Nairobi, Kenya – Although he has only recently become a teenager, Richard Paul does the work of an adult. He swings a pick-axe into the red earth and carries clumps of clay with his bare hands at a makeshift gold mine in southwest Tanzania.
He seldom sees the inside of a classroom, but this 13-year-old knows that mining is a risky job. He was buried when a pit wall collapsed above him and has breathed in the toxic mercury fumes that are released during gold extraction.
“One day, while I was digging, my friend told me to get out of the pit. I told him to wait a minute because I wanted to finish up,” said the teen. “That’s when the mine collapsed on me. I fell down and was knocked unconscious. My friends dug me out of the rubble and took me to the hospital. I was unconscious till 4am.”
Paul mines for gold alongside other children and adult labourers in the Mbeya region, which is famous for a gold rush at the beginning of the 20th century. His family has left him to fend for himself and this work enables him to buy textbooks for school.
The New York-based Human Rights Watch says he is one among thousands of children who toil at unlicensed and informal gold mines across the west and south of the poor but rapidly-developing country of 48 million people.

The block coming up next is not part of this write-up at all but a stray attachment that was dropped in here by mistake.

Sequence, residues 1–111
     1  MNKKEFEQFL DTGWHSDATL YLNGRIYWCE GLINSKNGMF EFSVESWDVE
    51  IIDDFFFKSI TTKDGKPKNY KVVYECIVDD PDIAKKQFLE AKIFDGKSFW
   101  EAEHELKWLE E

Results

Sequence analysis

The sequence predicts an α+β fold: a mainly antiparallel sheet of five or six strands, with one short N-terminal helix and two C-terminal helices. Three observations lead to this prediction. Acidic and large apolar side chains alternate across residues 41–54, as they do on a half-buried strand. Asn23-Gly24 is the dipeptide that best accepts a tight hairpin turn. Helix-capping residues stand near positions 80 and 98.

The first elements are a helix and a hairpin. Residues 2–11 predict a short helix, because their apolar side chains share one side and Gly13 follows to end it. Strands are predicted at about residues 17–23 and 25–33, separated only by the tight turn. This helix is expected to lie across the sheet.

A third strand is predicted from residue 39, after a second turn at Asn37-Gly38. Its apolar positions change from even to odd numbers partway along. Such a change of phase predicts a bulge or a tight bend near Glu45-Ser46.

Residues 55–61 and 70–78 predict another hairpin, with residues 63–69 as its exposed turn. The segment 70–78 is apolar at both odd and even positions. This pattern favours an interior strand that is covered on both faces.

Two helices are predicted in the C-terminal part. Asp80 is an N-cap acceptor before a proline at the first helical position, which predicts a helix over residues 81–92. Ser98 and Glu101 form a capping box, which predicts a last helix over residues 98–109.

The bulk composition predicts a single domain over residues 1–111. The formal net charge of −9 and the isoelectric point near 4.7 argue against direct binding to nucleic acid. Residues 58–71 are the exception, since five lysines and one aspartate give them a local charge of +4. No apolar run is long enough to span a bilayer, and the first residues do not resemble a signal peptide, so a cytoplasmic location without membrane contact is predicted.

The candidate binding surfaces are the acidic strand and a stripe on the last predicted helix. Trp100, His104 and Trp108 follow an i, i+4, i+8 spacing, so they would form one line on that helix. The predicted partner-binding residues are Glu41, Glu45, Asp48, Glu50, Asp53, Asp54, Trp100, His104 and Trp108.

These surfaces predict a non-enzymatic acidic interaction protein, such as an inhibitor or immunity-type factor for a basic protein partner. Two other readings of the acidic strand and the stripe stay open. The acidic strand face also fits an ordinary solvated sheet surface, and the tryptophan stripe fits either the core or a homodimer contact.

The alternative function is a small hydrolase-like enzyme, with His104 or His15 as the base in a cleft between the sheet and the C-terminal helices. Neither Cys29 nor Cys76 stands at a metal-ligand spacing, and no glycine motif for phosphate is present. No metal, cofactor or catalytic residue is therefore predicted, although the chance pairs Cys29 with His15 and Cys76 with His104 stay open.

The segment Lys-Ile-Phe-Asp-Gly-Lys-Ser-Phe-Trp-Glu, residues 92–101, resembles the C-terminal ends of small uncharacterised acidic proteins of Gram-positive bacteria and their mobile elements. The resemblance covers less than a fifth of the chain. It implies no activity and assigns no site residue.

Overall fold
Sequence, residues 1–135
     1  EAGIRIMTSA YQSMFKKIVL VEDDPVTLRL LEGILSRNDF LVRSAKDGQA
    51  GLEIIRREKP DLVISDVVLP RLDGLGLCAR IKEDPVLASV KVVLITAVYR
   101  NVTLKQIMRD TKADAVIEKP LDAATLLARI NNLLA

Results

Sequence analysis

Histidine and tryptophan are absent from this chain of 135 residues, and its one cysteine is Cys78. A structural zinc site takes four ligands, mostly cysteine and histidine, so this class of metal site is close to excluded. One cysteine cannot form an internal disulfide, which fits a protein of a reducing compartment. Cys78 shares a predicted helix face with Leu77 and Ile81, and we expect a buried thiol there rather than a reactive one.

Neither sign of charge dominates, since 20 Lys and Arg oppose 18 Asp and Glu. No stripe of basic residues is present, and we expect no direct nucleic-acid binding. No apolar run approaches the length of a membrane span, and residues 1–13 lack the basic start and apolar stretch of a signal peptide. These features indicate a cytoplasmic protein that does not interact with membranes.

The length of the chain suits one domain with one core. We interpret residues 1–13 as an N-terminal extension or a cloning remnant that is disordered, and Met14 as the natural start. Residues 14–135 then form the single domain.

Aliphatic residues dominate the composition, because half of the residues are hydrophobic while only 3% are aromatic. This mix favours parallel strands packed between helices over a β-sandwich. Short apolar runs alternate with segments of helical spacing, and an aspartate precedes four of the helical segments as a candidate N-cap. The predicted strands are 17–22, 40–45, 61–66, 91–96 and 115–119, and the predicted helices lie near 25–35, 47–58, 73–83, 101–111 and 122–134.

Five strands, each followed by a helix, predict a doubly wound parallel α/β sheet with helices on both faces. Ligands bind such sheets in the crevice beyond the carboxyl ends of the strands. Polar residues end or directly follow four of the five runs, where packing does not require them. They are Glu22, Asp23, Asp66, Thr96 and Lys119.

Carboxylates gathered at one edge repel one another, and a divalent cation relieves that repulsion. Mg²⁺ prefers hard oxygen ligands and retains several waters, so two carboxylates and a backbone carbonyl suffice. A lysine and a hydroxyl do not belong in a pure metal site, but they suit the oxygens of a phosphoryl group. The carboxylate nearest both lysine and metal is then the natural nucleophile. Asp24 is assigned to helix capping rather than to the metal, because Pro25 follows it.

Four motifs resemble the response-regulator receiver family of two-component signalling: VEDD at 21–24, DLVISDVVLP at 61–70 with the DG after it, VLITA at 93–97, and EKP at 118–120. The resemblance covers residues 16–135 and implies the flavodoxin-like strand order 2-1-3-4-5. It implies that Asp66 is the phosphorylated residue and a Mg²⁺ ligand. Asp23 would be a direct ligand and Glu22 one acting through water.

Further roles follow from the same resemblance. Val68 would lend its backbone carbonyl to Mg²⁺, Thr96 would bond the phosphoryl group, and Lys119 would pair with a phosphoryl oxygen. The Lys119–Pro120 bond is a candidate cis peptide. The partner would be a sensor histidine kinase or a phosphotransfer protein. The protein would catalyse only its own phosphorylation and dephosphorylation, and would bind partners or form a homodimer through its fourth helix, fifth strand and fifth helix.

During visits to 11 improvised mines last year, researchers found children as young as eight working in hazardous conditions. They dig and drill in deep, unstable pits, work underground for shifts of up to 24 hours and carry heavy sacks of gold ore.
Tanzanian boys and girls are lured to the gold mines in the hopes of a better life, but find themselves stuck in a dead-end cycle of danger and despair.
As well as risks from falling tools and pit walls, young workers face hidden threats. They inhale dust and the fumes from mercury, which is mixed with ore and heated to separate out the gold. Mercury vapours attack the central nervous system and can cause brain damage.
Janine Morna, a researcher and child labour expert, said that 90 percent of some rural communities dig for the precious yellow metal. Families are so poor that sending children to work in mines for between 1,000-20,000 shillings ($0.61 to $12.28) a day is “a way of life”, she said.